Apple pie. Thanksgiving. Guns and God. And, yes, theme parks. This is, in part, the American national identity. Or is it a little sneaky insight into its very soul, and character? Next time you’re with an immigrant, or Dolly Parton who’s from a little dot in Sevier County, ask them and listen carefully to their perspective. Who is America?
This country’s national identity has over hundreds of years shifted with a beautiful combination of Native American, European, Asian, Middle Eastern, Pacific Islander, African and Latin American influences. Today, America is still the greatest mingle of cultures on the planet — and although the revolting “Make America Great Again” contracted with a white, conservative experience, the arc of history is oh-so-long, and shall expand yet again. A national identity is, afterall, socially constructed. And therefore can be deconstructed, and freshened up. The way South Africa, the Rainbow Nation, did after Nelson Mandela came out of prison. And I assume Korea is going to, when they find a solution to their crisis.
You could argue that it’s a little easier to find homogeneity in Norway, Ghana or India, when it comes to common points: like values, languages (even though India has over a 100), cuisine (even though Ghana has every possible tribal or family recipe) or even music (even though Norway has thousands of folklore). In the U.S., this is far more difficult. The magic of the world is that the prescription of national identity is eroding faster — even when you see white supremacists parading in Charlottesville, VA, emboldened by the current administration. We, as a world identity, are greatly also turning caramel, queer and atheist, whether you can see it or not.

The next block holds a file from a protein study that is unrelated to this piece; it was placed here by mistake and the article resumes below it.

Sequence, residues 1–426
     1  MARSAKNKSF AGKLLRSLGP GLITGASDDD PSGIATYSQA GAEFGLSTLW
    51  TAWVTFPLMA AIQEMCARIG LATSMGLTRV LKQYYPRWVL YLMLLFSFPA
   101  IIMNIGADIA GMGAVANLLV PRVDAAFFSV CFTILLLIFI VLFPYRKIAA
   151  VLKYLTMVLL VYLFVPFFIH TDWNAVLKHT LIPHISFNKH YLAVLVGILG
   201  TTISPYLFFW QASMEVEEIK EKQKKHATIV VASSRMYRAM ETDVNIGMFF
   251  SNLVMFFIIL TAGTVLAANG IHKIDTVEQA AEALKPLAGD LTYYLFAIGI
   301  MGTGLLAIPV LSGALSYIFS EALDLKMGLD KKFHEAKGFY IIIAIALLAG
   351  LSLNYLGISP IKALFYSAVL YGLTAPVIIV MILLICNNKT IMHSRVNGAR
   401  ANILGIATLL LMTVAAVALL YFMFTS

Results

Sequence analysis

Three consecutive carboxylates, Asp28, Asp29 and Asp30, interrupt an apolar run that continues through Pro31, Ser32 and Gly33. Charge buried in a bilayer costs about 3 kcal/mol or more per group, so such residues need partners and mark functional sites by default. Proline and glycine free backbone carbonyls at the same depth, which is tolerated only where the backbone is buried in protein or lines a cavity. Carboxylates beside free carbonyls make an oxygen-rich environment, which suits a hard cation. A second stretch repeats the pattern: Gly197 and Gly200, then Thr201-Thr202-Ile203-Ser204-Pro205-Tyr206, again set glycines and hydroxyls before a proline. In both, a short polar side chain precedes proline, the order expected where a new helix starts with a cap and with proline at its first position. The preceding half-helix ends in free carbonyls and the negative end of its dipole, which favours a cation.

According to Richard V. Reeves’ book, Dream Hoarders, it’s not the 1%, but the 20% upper middle class that is the interesting statistic to look at. You think real America is at the airport with you boarding a flight, think again. Inequality is preventing real America to ever intersect (it’s not just the coastal elites and fly over states). But where is an intersection of truly American values? Where is the visible experience of that great American Dream? Where did the Great Gatsby leave us, and Trump pick us up?
The television, when the Twin Towers came down on 9/11, gave the country a marker. And apparently Roseanne the reboot is doing something similar on screens across the country. The great equalizer that is the subway womb of New York is a tangible one. So is Walmart, where America shops.
But it is the faux filled, shiny and bright theme park that holds and thrills real America, and brings every possible iteration of America together. A theme park is fundamentally different to any other public space in this country. Here you are happy as a clam, whether on edibles or not, and trying to extend your time there whilst having fun with, yes, the entire family, or, apparently, the entire county. What could be more American than quality family time, with hundreds of other families right next to you, spending your very hard earned dollars? Regardless of your race, gender, religion or even politics.